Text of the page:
Capecitabine for Breast Cancer: Uses and Side Effects

The introduction of capecitabine was a breakthrough in the treatment of metastatic breast cancer and colorectal cancer. Let's discover its indications and how it works.
Capecitabine for Breast Cancer: Uses and Side Effects

Last update: 08 June, 2021

Capecitabine is a chemotherapy drug often used for breast cancer and marketed under the brand name Xeloda. This anticancer drug -antineoplastic or cytotoxic- is classified within the therapeutic group of alkylating agents. Doctors mainly use it to treat metastatic breast, colon, or rectal cancer.

Breast and colorectal cancers remain incurable diseases today, although they are manageable. They have a median survival of 18-24 months and 12-18 months respectively. Treatments aim to improve quality of life and prolong survival.

The introduction of capecitabine was a breakthrough in the treatment of this type of cancer because of the following reasons:

  • It allows a more comfortable chemotherapy treatment because it’s administered orally and not intravenously as is given along with traditional chemotherapy. This provides greater acceptance and compliance by patients, avoiding complications and associated economic costs.
  • It causes a selective activation in the tumor that potentially allows a localized treatment with the consequent improvement of antitumor activity and reduction of systemic toxicity.

In metastatic breast and colorectal cancer, it’s been tested in monotherapy or combination with other chemotherapy drugs. Both forms of treatment have given good results both in terms of efficacy and tolerance.

A general overview of breast cancer

A woman with a breast cancer ribbon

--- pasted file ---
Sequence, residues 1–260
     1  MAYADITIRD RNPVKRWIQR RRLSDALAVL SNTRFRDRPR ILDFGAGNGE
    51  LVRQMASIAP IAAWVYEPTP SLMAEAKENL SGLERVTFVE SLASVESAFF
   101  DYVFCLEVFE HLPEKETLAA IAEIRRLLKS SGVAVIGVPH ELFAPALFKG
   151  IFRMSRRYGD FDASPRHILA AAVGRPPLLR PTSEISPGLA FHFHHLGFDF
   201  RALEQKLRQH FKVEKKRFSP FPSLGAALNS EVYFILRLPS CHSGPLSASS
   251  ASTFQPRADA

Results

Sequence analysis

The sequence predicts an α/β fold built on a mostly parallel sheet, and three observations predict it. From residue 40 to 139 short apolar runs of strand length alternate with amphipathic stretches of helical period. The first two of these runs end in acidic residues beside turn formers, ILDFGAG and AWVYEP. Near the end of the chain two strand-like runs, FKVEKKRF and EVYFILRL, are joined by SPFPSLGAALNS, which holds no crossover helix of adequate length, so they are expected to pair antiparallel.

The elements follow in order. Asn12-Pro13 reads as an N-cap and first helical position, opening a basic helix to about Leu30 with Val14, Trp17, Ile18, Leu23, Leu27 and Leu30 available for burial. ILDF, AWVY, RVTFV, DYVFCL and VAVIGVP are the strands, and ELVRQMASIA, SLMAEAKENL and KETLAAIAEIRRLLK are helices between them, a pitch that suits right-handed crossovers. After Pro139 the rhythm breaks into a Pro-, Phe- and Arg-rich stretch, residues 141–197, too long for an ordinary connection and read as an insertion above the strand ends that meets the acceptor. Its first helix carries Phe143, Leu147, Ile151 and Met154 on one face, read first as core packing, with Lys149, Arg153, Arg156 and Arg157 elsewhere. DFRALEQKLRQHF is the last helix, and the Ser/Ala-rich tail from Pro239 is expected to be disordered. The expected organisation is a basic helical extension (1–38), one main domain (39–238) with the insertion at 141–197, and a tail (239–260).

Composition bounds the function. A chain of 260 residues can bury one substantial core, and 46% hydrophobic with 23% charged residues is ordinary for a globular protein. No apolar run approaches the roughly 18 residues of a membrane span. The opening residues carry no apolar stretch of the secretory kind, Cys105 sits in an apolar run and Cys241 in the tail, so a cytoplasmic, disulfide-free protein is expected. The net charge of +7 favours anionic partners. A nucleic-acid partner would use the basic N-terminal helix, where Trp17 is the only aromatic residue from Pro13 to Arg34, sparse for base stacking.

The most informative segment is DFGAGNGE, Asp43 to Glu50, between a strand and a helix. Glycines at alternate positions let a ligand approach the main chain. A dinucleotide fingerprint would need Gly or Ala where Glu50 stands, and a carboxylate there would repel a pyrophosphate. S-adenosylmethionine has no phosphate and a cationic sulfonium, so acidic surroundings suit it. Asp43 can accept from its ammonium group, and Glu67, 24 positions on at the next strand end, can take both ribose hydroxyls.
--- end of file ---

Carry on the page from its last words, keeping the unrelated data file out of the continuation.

Breast cancer is the most common malignancy and the second leading cause of cancer-related death in women in Western Europe and North America.

Although its incidence is increasing, mortality rates have been decreasing since 1990. This is probably due to early diagnosis by mammography screening and the increased use of intravenous adjuvant therapy.

Despite such early detection programs, between 5-8% of breast neoplasms are metastatic at diagnosis. Metastatic breast cancer is a disease with highly variable clinical manifestations and is currently one of the great challenges in clinical practice research in oncology.

An overview of colorectal cancer

Colorectal cancer is also a very common neoplasm in developed countries. It’s the third leading cause of mortality in both sexes. The development of adjuvant chemotherapy, which is chemotherapy for after tumor surgery, has led to a modest improvement in patient survival.

However, according to studies, approximately 30% of diagnosed patients will develop metastatic disease. In addition, the liver is the organ most affected by metastases.

Breast Cancer and Capecitabine: What does capecitabine do in the body?

A woman with breast cancer

Capecitabine has a structure that allows it to be rapidly absorbed in the intestine after administration. This fact considerably reduces the risk of triggering toxic digestive effects. Capecitabine is transformed in the body into another compound – fluoridin monophosphate – which has cytotoxic activity, i.e. it causes cell death.

Once absorbed, capecitabine would act on the most aggressive cancer cells. As a result, it has a greater effect on patients with tumors with a poorer prognosis.

Main adverse reactions to capecitabine

The most frequent adverse reactions related to capecitabine in monotherapy or combination therapies with other chemotherapy drugs are:

  • Gastrointestinal problems: diarrhea, nausea, vomiting abdominal pain, and stomatitis
  • Fatigue
  • Hand-foot syndrome or palmoplantar erythrodysesthesia: this is the most common adverse reaction this drug produces. It presents with redness, swelling, and pain in the palms of the hands and/or soles of the feet. Sometimes blisters appear and sometimes they also appear in other areas of the body such as the knees or elbows.

Breast Cancer and Capecitabine: Conclusion

The development of capecitabine has been a breakthrough in the treatment of both metastatic breast and colorectal cancer. For example, it allows oral administration, which is more convenient for the patient, and the adverse effects are less serious.

Although we’ve made great strides in the treatment of various cancers, research into possible treatments for these diseases must continue with impetus. In summary, the global goal is to reduce mortality from these diseases as much we can with science and medicine.

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